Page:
Travel Writing Tips to Inspire Wandering Writers

By Ronda Arking

Family Fun

“Are we there yet?”

“Hey, you’re on MY side!”

“Can we please listen to [insert annoying soundtrack here] again?”

Summer is time for fun, sun and family trips. And although trips may come with the requisite whining and grating music choices, they also provide tremendous opportunities for learning and personal growth. All children can benefit from spending time in nature, exploring a new city, visiting relatives on a farm or any other escape from one’s usual surroundings. Travel also provides fodder for engaging writing.

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Not Just “What I Did This Summer”

Travel writing goes beyond a simply narrative of “what I did this summer.” This summer, encourage your budding writers to create a travel essay or blog based on their summer experiences! Follow these steps to help walk your children through the writing process, and to make the activity both an educationally rich experience and a bonding part of your vacation.

1. Share your favorite travel writing from blogs, magazines or books. Looking at model texts helps children learn about style, language and format for their own creative work. Here are some suggested books to read together:

  • Around the Word in 80 Days by Jules Verne. This is the fascinating story of Phileas Fogg and his servant Passepartout and their adventurous trip around the world in a hot-air balloon. This classic novel has also been adapted into a graphic novel called Around the World by Matt Phelan.
  • A Little House Traveler: Writings from Laura Ingalls Wilder’s Journeys across America by Laura Ingalls Wilder. For those Little House lovers—and those who have yet to be introduced to the adventures of the Ingalls family, these journals tell what travel was like before cars, planes and smart phones.
  • Up: A Mother and Daughter’s Peakbagging Adventure by Patricia Ellis Herr. This travel book tells the story of a mother’s hiking adventures up 48 of New Hampshire’s highest mountains with her 5-year-old daughter.

2. Tell dramatic or funny stories based on your own life’s travels to spark excitement, wonder and possibly rip-roaring laughter!

3. After sharing travel writing and stories, have your children jot down ideas and lists to brainstorm some of the humorous, inspiring or challenging stories from their own travels. Keeping a daily journal is a great way to document a vacation and find interesting ideas and events from their journey for a travel piece!

4. Use the brainstorming lists and/or journals to start a draft of a travel blog or essay!

Traits of Good Travel Writing

Here are some traits of good travel writing that can get your children thinking about ways to present places and events from a summer trip.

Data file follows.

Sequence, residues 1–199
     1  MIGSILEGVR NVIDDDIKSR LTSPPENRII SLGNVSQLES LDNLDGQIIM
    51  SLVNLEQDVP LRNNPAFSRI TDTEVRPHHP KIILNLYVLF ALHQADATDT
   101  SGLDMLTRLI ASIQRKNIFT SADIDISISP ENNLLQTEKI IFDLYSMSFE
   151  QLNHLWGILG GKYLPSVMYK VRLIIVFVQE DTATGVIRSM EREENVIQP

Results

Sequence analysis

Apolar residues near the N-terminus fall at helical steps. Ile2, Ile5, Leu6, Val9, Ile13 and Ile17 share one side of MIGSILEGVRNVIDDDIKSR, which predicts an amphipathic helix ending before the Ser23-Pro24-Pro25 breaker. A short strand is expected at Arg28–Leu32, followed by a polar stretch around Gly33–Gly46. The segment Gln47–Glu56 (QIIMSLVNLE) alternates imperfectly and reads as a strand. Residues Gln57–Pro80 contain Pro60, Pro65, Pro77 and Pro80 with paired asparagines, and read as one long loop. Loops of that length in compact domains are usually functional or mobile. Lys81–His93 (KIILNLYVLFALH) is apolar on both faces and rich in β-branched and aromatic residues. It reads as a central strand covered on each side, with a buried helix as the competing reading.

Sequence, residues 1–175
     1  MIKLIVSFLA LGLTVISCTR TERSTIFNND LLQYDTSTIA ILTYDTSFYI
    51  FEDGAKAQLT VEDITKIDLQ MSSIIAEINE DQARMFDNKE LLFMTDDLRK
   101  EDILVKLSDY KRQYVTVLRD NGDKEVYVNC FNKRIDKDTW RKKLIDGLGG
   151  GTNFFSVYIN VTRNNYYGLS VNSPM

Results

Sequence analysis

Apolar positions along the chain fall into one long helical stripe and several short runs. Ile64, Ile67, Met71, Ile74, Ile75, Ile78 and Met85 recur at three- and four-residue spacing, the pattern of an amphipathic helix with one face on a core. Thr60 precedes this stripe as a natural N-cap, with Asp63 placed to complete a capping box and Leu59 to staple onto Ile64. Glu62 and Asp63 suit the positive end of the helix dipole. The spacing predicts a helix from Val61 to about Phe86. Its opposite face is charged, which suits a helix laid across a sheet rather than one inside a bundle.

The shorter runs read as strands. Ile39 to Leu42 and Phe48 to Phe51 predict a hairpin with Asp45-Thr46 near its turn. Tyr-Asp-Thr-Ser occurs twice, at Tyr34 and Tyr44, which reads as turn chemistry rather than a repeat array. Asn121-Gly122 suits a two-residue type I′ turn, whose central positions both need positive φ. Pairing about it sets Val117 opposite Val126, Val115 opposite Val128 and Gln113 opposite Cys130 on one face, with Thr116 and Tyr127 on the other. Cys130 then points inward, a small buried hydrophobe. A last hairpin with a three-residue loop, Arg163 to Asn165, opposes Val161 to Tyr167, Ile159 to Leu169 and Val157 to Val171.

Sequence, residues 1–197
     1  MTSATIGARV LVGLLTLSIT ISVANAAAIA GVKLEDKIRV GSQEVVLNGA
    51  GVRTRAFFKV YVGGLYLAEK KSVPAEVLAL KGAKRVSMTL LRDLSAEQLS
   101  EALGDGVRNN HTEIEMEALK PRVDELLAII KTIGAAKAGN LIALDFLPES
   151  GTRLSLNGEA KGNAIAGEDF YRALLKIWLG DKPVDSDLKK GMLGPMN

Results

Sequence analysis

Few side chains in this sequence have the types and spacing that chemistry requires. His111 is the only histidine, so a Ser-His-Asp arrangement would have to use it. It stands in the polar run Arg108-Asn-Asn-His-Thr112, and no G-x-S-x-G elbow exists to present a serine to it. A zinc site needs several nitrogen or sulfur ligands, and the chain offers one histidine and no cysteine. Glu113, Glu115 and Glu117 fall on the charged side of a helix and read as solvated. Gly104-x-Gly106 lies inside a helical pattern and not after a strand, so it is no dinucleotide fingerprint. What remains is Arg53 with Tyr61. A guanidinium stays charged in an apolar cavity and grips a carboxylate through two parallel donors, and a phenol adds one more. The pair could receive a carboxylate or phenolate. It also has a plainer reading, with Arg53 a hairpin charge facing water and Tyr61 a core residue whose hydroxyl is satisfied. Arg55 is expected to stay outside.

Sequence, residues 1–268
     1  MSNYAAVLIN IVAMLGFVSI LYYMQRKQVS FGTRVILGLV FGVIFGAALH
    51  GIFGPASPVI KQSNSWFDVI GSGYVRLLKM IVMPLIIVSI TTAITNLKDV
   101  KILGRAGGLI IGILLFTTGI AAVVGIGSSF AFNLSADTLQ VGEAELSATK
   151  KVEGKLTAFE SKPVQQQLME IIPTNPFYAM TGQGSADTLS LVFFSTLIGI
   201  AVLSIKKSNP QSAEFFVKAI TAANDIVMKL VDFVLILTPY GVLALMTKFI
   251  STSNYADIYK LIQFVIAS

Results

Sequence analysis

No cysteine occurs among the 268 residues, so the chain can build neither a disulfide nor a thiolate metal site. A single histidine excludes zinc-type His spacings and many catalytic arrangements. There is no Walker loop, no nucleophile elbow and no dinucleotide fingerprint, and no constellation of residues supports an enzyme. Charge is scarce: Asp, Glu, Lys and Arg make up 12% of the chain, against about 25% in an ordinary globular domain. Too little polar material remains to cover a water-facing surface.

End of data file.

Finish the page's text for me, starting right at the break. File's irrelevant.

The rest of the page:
• Focuses on one main place/event.
  • Uses background information to describe the place/event. (Older children might incorporate some research on the location or local culture.)
  • Uses sensory language to show, not tell, what the place/experience was like. What did you see? Hear? Smell? Taste? Feel?
  • Uses dialog and describes the other people on the trip so that the reader gets to know them.
  • Combines personal reflections on the experience with the description so that the reader will see why this trip/event was meaningful or special.

Helping Your Child Revise His or Her Travel Writing

After your children have drafted their travel pieces, they can trade writing (with a sibling, parent or other travel companion), and partners can provide constructive feedback for revision. Some questions you might suggest in the revision process are:

  • Do I need any further background information to understand what is happening here?
  • Are there enough sensory details to make me feel like I’m actually there with the writer?
  • Is the essay focused on one main place and/or event?
  • What has the writer learned from this experience? Do I know why this experience was meaningful to the writer?

Consider Sharing Your Children’s Travel Writing Pieces

Once your children have revised their travel writing, have them publish and share their work! You can email a “Family Travel Newsletter” to friends and relatives, or host a post-vacation get-together where your children can read their travel writing aloud.

Before any trip, remember to pack some notebooks and pencils, and have your children jot down ideas, conversations and descriptions while you’re on the road. Your children will gain writing skills and enjoyment—and you’ll forever have a chronicle of your adventures through the eyes of your children. You might even reduce the frequency of “Are we there yet?”

 

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